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Benjamin Franklin DeCosta or de Costa (July 10, 1831 – November 4, 1904) was an American clergyman and historical writer.


He was born in Charlestown, Massachusetts, and graduated in 1856 at the Biblical Institute at Concord, New Hampshire (later part of Boston University), became a minister in the Episcopal Church in 1857, and during the next three years was a rector first at North Adams, and then at Newton Lower Falls, Massachusetts.

After serving as chaplain in the 18th Massachusetts Volunteer Infantry and one other Massachusetts regiment during the first two years of the American Civil War, he became editor (1863) of The Christian Times in New York City, and subsequently edited The Episcopalian and The Magazine of American History. He was rector of the church of St John the Evangelist in New York city from 1881 to 1899, at which time he resigned while converting to Roman Catholicism.

He was one of the organizers and long the secretary of the Church Temperance Society, and founded and was the first president (1884–1899) of the American branch of the White Cross Society. He became a high authority on early American cartography and the history of the period of exploration. He died in New York City in 1904.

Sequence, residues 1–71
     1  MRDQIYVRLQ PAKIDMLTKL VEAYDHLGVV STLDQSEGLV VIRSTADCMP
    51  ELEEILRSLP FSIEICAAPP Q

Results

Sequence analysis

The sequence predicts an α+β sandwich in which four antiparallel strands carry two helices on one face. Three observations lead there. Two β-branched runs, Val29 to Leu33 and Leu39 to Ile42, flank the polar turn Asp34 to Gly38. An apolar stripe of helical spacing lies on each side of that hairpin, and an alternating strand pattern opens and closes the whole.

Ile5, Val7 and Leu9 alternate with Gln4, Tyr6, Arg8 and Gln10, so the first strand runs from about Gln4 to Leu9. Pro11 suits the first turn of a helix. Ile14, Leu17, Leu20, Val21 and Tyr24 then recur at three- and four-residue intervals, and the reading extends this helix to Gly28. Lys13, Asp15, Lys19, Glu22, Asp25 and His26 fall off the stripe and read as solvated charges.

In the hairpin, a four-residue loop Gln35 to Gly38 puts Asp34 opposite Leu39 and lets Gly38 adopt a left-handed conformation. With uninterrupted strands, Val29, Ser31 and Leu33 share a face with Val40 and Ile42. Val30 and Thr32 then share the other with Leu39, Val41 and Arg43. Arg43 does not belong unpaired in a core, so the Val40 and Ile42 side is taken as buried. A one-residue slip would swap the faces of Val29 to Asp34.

In addition to numerous monographs and valuable contributions to Winsors Narrative and Critical History of America, he published The Pre-Columbian Discovery of America by the Northmen (1868); The Northmen in Maine (1870); The Moabite Stone (1871); The Rector of Roxburgh (1871), a novel under the nom de plume of William Hickling; and Verrazano the Explorer; being a Vindication of his Letter and Voyage (1880).

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This article incorporates text from the Encyclopædia Britannica, Eleventh Edition, a publication now in the public domain.

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